In partnership with UNC School of Medicine researchers, ASH is supporting two expert review panels that will analyze the clinical significance of variants and mutations associated with myeloid malignancies and platelet disorders, with the goal of aiding in their interpretation on diagnostic genetic tests. The results of this effort will be shared with the scientific community through ClinVar, a publicly available NIH database that houses data on genetic mutations submitted by laboratories nationwide.
ASH’s participation in the effort is part of a larger Precision Medicine Initiative that the Society undertook to improve genomic profiling of hematologic diseases and identify strategies to improve the use of molecular data in clinical care, research, and education.
The Hematologist Debuts Two New Departments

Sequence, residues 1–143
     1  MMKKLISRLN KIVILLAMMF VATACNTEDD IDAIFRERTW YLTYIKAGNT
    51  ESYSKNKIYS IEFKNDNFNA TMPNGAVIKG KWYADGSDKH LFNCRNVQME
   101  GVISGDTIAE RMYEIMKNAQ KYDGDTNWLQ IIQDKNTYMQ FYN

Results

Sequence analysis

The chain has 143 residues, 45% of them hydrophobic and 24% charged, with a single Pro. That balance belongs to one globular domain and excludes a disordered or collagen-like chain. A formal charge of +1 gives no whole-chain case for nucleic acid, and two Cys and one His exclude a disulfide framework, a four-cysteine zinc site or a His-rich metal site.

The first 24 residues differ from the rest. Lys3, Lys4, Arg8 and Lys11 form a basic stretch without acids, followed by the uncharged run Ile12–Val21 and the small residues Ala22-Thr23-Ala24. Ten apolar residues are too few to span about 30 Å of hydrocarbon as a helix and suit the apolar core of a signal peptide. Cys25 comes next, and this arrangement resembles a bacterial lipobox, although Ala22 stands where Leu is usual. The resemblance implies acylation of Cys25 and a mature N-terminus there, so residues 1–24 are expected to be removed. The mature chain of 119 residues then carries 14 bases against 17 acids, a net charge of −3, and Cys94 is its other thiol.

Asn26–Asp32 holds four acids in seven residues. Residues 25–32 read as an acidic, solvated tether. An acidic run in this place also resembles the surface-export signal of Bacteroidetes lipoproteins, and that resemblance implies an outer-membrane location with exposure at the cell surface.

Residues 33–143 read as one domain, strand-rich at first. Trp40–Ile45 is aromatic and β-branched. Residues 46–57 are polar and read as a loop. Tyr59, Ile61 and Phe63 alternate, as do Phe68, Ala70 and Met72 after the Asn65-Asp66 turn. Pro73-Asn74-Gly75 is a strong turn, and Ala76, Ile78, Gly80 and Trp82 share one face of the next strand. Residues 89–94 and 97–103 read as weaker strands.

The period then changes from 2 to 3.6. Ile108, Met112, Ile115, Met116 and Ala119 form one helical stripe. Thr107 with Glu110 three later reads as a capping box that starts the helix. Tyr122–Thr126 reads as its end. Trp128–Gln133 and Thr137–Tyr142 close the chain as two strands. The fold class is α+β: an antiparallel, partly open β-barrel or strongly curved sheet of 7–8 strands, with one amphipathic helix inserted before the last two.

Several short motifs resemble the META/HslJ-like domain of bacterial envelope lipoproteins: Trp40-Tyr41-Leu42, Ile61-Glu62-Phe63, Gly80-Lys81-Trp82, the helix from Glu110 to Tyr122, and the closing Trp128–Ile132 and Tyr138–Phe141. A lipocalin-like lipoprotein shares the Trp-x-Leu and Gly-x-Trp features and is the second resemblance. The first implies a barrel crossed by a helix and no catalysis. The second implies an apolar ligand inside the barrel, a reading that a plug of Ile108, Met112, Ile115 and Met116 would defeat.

The May/June issue of The Hematologist features two new departments conceived of by Editor-in-Chief Laura Michaelis, MD, that are sure to spark ideas and conversation.
“No-data Zone” explores commonly encountered clinical situations that lack adequate research for making data-driven decisions. In the first installment, Donald Arnold, MD, MPH, and Amaris Balitsky, MD, discuss the use of anticoagulation in patients with thrombocytopenia. In “Off the Shelf,” readers recommend non-medical literature, including books, essays, and poetry. The goal of the new column is to “carve out some space for readers to reflect on what calls us to the practices of science and medicine and on what makes work sustainable and enjoyable,” said Dr. Michaelis in her May/June editorial. She pens the first installment about a book that shaped her approach to hematology practice.
Both columns are available at hematology.org/thehematologist.
ASH Bridge Grant Program Continues to Advance Pioneering Research
On April 16, ASH announced the names of the 15 investigators who have each been awarded $150,000 through the ASH Bridge Grant Program. The ASH Bridge Grants are designed to serve as a one-year bridge for researchers facing gaps in multi-year funding, giving them financial support to continue their studies and strengthen their grant applications without the need to pare down laboratory staff or to pause or end their work.